Once the murder occurs (finally!), Poirot leaps into action by questioning each member of the party in turn, suggesting possible motives and providing evidence to support his suspicions. This should be the most interesting part of any murder mystery, but it falls flat here because the motives sometimes seem thin and the detective often appears to pull the evidence out of his hat (or, perhaps, out of that huge mustache). More than once, viewers are left to wonder, “How did he know that?”

Kenneth Branagh as Hercule Poirot

But the main reason the investigation lags is that, beyond the central love triangle, we seldom get to know anyone well enough to form a clear opinion of them. This is partly because director Branagh and screenwriter Michael Green are so focused on Poirot that they fail to give most other characters a chance to distinguish themselves.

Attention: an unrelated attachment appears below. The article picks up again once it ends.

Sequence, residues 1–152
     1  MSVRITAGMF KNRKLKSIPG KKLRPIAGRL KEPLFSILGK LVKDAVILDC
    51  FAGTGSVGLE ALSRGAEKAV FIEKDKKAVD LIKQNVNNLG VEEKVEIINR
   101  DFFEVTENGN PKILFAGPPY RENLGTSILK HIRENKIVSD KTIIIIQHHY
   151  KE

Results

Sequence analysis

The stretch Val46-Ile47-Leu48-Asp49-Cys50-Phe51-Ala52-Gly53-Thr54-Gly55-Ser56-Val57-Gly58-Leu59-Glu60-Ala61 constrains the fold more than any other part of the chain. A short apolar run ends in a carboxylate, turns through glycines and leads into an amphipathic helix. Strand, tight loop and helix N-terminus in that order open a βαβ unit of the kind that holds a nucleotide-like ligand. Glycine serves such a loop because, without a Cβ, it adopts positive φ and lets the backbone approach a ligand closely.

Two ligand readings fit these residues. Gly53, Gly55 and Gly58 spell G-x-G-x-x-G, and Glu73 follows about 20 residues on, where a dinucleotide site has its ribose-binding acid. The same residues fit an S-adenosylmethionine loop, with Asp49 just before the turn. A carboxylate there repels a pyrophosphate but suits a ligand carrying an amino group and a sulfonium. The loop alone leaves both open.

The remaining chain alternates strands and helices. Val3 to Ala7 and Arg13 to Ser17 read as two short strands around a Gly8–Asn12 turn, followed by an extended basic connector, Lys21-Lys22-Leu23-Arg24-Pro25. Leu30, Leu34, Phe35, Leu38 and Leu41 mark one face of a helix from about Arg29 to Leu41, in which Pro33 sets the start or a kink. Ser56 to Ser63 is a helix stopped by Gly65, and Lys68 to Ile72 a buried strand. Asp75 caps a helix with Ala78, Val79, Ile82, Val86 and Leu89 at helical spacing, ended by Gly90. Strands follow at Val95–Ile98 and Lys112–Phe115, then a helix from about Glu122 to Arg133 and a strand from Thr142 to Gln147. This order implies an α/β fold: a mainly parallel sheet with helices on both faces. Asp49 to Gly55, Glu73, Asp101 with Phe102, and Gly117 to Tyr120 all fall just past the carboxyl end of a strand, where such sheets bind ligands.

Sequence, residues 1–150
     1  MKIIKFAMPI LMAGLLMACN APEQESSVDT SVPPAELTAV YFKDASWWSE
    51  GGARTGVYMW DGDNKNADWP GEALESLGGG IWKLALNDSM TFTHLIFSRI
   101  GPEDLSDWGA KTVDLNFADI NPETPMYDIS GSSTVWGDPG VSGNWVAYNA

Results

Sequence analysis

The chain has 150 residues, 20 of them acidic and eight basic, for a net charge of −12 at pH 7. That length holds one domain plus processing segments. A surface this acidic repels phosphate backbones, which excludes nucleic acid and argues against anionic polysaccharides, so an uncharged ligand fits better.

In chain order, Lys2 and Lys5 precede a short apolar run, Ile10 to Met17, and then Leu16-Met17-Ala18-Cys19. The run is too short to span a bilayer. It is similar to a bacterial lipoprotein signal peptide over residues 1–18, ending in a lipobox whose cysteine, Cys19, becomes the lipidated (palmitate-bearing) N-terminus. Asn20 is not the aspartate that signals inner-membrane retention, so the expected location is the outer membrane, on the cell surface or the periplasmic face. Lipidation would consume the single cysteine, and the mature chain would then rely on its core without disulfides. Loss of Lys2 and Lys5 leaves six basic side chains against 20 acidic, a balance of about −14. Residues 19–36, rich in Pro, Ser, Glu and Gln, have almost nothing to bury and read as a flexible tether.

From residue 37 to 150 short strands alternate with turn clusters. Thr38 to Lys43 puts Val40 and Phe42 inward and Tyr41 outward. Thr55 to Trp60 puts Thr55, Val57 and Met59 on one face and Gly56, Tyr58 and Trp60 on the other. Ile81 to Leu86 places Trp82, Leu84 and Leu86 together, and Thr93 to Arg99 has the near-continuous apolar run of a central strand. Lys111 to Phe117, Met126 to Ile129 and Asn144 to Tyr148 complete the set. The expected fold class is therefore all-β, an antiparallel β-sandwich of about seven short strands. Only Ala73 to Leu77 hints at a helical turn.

Another problem is that Branagh’s directorial style often becomes a distraction. Between composer Patrick Doyle’s bombastic score and cinematographer Haris Zambarloukos’s travelogue-style images of CGI-enhanced Egyptian landmarks, it’s all a bit much. Even in the more-intimate investigation scenes, the relentlessly circling camera quickly becomes obtrusive.

Branagh has shown he can direct a film discreetly and appropriately with 2021’s Belfast, which has deservedly garnered Oscar nominations for Best Picture and Best Director, among others. Maybe it’s time for him to admit he’s more effective on one side of the camera or the other, but not both.

Rating: 2½ stars (out of 5)

Death on the Nile (PG-13) opens Feb. 11 in theaters nationwide.